Wu Jiong: female combat medic of CPV troops in Battle of Shangganling

China Military Online
Chen Lufan
2020-11-10 10:32:28

By Zhu Hong

Wu Jiong, a 90-year-old lady, likes to sit in the yard and enjoy the sunshine in the morning at a nursing home in Heping District, Tianjin. Most of the seniors who chat with her did not know that this old lady was ever a combat medic in the Chinese People’s Volunteers troops and honored with the Second-class Merit for her bravery and dedication in saving the lives of the wounded CPV soldiers in the Battle of Shangganling during the War to Resist US Aggression and Aid Korea (1950-1953).

Born in Zhongxian County, southwest China's Sichuan Province, Wu joined the People's Liberation Army in 1950 and received healthcare professional training before serving as a military medic. When the Chinese People's Volunteers (CPV) went abroad to participate in the War to Resist US Aggression and Aid Korea, Wu asked to go to the front line and was assigned to work as a medic in a company of 45th Division, 15th Army of CPV in September 1951. She was a girl of only 18 at that time.

She cut her hair short and pressed it into her military cap. No one recognized that she was the only female soldier in the company.

In October 1952, Wu's company received an order to head for Shangganling. Wu said that the Battle of Shangganling was her hardest memory.

One time, an air-raid shelter in the CPV troops’ position was unfortunately hit by a napalm bomb dropped by the enemy plane. Despite the machine-gun fire and the mountain fire, Wu rushed into the shelter and carried the injured soldiers back to a hidden place. She found a burned soldier in a cave. When everyone thought he had died, Wu found that he still had a weak pulse, and immediately conducted first aid treatment for him. Due to the lack of medicine for burn wound, she applied snow water to his burnt area. Thanks to her day-and-night meticulous care, the burnt soldier’s conditions got better and better. In 1997, Yao Xuda, the burnt soldier rescued by her and was then living in Wuhan, capital city of Hubei Province, reunited with Wu Jiong in Tianjin. At the first sight of each other, the two veterans, both in CPV uniforms, were speechless with emotion and hugged each other tight.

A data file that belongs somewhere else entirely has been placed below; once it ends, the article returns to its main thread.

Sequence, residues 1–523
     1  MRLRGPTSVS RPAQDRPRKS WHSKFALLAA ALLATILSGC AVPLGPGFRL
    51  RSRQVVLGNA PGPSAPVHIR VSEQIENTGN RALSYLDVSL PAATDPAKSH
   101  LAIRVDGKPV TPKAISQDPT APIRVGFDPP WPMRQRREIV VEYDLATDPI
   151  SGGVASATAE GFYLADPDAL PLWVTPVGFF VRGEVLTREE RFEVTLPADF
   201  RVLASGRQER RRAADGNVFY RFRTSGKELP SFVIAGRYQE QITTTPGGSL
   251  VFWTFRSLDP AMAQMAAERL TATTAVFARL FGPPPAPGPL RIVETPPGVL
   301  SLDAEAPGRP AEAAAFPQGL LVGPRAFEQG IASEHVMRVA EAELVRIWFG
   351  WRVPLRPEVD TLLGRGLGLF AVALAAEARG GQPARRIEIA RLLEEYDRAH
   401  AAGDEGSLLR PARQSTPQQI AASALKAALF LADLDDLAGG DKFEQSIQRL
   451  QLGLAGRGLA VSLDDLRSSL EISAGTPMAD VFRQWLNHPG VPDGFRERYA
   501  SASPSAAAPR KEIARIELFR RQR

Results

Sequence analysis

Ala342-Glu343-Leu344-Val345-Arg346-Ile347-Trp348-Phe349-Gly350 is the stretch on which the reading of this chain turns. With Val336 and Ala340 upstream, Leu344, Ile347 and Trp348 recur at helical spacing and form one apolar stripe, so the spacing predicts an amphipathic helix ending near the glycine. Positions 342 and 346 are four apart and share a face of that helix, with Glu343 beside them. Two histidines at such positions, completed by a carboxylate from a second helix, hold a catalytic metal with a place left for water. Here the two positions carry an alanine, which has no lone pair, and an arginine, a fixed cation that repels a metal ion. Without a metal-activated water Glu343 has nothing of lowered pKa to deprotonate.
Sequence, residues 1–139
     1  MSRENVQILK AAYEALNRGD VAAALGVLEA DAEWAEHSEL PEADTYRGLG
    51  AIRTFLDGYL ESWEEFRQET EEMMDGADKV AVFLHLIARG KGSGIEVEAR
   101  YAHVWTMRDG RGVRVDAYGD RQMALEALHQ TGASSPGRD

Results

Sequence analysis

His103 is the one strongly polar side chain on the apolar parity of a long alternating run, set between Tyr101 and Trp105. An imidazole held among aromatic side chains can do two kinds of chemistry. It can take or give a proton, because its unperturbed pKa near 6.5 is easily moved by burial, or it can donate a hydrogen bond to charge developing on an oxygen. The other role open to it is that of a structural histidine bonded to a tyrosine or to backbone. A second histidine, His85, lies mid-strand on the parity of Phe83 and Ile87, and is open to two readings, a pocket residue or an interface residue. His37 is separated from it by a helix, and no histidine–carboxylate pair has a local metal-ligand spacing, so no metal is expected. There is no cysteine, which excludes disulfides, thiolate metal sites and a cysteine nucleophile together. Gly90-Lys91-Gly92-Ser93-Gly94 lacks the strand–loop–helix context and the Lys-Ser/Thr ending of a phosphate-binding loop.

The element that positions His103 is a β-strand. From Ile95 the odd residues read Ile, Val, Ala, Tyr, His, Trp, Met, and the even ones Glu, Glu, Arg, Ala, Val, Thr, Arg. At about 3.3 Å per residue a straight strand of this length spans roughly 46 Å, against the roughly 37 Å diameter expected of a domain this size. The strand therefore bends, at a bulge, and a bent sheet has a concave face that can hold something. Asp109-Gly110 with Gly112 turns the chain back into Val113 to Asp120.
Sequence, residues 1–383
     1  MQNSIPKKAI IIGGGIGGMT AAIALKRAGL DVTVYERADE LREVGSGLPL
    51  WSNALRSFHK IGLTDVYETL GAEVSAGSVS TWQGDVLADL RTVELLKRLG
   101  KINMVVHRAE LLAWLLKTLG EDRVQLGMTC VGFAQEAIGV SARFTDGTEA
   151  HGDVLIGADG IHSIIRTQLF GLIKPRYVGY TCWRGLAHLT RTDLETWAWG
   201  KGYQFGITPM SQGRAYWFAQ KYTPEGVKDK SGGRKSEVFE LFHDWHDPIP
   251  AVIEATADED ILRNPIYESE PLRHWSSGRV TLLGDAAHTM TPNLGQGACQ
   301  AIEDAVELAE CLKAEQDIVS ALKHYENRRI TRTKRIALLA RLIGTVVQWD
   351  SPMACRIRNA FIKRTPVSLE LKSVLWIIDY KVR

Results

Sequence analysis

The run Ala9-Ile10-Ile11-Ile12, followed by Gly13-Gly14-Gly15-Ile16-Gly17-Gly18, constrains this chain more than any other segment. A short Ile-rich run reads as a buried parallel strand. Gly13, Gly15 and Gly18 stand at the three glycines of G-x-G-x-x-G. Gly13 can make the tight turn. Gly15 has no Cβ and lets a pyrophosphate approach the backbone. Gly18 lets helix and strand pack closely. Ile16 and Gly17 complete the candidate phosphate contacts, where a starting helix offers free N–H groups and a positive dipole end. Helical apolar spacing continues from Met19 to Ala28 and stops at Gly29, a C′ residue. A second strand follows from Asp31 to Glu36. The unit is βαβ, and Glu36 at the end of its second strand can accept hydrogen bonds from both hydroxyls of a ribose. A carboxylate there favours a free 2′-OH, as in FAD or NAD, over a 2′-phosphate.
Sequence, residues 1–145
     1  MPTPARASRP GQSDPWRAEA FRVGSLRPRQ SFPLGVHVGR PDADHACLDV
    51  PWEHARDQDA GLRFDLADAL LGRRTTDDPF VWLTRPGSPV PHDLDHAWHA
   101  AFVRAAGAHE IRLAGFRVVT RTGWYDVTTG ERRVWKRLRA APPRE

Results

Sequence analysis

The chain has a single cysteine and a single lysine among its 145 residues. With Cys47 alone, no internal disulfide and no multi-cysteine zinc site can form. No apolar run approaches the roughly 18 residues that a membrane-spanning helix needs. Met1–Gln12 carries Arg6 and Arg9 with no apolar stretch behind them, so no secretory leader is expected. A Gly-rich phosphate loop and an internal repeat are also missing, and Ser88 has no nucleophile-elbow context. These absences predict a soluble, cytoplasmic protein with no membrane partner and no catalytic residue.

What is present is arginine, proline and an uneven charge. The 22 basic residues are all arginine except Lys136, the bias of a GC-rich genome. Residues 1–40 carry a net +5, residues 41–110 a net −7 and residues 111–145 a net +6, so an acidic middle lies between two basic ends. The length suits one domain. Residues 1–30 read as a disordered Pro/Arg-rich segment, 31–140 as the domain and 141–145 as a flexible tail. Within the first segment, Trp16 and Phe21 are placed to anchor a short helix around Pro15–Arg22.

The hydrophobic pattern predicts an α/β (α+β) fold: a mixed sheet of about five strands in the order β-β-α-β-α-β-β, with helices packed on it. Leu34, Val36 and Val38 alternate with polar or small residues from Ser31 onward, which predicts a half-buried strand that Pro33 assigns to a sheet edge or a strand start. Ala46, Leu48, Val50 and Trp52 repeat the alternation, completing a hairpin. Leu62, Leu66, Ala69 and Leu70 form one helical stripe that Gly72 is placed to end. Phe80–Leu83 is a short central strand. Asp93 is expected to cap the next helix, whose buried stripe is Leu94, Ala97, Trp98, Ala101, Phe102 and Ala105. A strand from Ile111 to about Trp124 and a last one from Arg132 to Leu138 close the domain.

Wu Jiong was granted the Second-class Merit by the CPV’s 15 Army after the Battle of Shangganling. As the only heroine among the 6 representatives of the 15th Army, she was selected into the delegation of the CPV returning to China for the May Day celebration in 1953.

After returning from DPRK, Wu Jiong was assigned to a military hospital in Wuhan and worked there as a doctor for years before leaving the army and moving to Tianjin to reunite with her husband. She retired in Tianjin in 1988 and registered to be a volunteer in the community in 1989. She helped more than 320 old people over the age of 60 in the community by visiting them regularly. She also compiled health handbooks and distributed them among the residents in the community for free. She was always ready to offer help to the residents at any time.

In 2013, on her 80th birthday, Wu solemnly told her family a longtime wish: She wanted to donate her body for medical research after death. Witnessed by the staff of the Red Cross, she filled out a registration form for voluntary donation that year.

Wu Jiong said that her comrades-in-arms who fought tenaciously in the battlefield in Korea were most young men under 20, and compared with those CPV martyrs, she has enjoyed too much from life.


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